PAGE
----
20 February 2013

Hundreds of Years of Friendship

The oldest alliance in the world is between Portugal and England.  I wonder how many people who live or visit Portugal, are aware of this? 
The origins of this alliance go back to the Middle Ages when the English Crusaders aided the Portuguese in the conquest of Lisbon over the Moors in 1147.  Then followed a period of lucrative trading between the two countries and commercial treaties were signed in 1308 by King Don Dinis of Portugal and later by King Edward III of England in 1353. 

 John of Gaunt being entertained by King John (Rei Joao)

The first formal treaty (The Anglo-Portuguese Treaty) was signed in 1373 in England when Rei Dom Fernando (King Ferdinand) and Rainha Leonor (Queen Eleanor) sent their envoys to King Edward III and the treaty was signed in St Paul’s Cathedral in London. This treaty agreed that English Archers would be sent to Portugal to help with attacks from the Castilians and, in the August of 1385, they were supporting the Portuguese at The Battle of Aljubarrota (A Batalha de Aljubarrota) when the Castilians were routed. This battle has often been mentioned to me by Portuguese friends as being one of the most important ones in their history.
The aid given by the English to the Portuguese House of Aviz continued and in May of 1386 The Treaty of Windsor (a renwal of the Anglo-Portuguese Treaty) was signed at Windsor CastleSt George’s Chapel.  This Treaty was sealed by King Richard II of England and envoys of King John 1 (Rei Joao I) of Portugal.
St George's Chapel, Windsor Castle

The next year King Edward III's son, John of Gaunt (Duke of Lancaster) asked for help from the Portuguese to claim the Crown of Castile and in return he offered his eldest daughter, Philippa (Filipa de Lencastre) to Rei Joao I (King John I) and they married in 1387.

Philippa of Lancaster (Filipa de Lencastre)

Philippa was a very well educated woman - something incredibly rare in those days.  She had studied science, poetry and theology under some of the most famous teachers of that time in England.  She was also rumoured to have been taught by Geoffrey Chaucer (who was married to another Philippa - sister to John of Gaunt's third wife, Queen Katherine).  She had also been tutored in Greek and Roman works such as Pliny and Herodotus.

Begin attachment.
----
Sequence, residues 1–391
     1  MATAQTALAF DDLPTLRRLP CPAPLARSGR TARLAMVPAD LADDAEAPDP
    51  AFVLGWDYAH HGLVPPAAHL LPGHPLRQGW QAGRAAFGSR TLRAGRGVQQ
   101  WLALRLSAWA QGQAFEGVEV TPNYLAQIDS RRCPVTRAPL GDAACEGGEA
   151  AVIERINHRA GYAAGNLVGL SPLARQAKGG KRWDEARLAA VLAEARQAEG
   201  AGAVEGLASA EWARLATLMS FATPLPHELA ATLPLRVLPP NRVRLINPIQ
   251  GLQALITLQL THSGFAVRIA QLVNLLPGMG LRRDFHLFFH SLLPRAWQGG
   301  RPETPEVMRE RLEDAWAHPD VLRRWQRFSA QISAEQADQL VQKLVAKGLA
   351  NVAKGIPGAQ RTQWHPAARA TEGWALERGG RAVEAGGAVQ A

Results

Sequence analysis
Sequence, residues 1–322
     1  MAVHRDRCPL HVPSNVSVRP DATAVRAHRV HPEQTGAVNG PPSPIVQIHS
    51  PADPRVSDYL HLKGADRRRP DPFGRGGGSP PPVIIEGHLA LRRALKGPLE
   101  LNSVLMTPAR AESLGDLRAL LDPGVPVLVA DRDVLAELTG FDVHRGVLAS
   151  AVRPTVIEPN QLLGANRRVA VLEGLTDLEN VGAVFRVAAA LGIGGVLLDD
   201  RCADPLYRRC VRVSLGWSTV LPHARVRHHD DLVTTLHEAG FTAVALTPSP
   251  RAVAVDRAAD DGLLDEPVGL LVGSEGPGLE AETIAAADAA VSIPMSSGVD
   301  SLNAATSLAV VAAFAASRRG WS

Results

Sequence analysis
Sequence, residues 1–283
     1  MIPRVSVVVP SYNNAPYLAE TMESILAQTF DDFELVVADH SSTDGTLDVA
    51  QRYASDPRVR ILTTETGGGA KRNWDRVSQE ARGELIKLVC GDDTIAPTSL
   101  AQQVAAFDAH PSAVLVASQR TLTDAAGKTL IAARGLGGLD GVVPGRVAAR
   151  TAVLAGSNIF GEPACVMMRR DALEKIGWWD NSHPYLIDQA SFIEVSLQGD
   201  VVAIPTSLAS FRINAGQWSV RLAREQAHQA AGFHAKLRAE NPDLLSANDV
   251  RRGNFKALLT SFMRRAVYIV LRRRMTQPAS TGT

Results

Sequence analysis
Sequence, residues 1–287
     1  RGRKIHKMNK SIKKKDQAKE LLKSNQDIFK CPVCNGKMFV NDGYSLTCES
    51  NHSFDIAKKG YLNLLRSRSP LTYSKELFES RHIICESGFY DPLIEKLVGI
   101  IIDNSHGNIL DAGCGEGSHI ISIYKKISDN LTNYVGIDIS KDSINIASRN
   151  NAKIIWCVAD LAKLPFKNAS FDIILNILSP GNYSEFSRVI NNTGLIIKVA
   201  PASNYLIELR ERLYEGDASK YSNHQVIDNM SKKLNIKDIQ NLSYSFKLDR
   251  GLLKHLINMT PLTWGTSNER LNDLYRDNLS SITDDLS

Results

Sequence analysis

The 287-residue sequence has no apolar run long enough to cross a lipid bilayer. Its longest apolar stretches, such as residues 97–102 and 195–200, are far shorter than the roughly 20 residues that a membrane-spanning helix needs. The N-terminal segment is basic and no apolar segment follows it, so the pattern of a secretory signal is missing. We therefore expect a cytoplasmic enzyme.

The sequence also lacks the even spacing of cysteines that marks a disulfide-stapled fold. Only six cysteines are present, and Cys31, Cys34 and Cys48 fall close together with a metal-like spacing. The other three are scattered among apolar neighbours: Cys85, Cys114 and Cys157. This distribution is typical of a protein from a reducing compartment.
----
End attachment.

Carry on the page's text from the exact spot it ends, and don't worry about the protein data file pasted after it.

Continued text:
The marriage of Philippa and King John (Filipa and Rei Joao I)

Philippa modernised the Portuguese Court and introduced a strict moral code of behaviour.  Possibly something to do with her husband already having a mistress who she managed to expel from Court?!  She also educated her children - Duarte (Edward), Pedro (Peter), Henrique (Henry) Isobel (Isabella), John (Joao), Fernado (Ferdinand) - to the highest level of the times.  She was also responsible for providing Royal patronage to English commercial interests. Of course we know Henrique much better as Henry the Navigator, a much respected King in both countries and worldwide.

Obviously the friendship faltered occasionally as all friendships tend to do.  During the Tudor era in England, relations were strained within Europe due to the Reformation - the Catholic Church being overthrown by the founding of the Church of England. 

Then, the Portuguese needed help; Spain had invaded in 1580 and for 60 years had made them part of Spain.  They wanted to be independent so in 1640 the Duke of Braganza turned to the English for help to reclaim their country and dominions.  This led to another treaty being signed in 1642 and a marriage between Catherine of Braganza (Caterina de Braganca) and King Charles II of England being agreed. This alliance defeated the Spanish and granted independence to Portugal from Spain.

File:King Charles II by John Riley.jpg
Charles II (not a very flattering portrait!)

 Catherine of Braganza (Caterina de Braganca)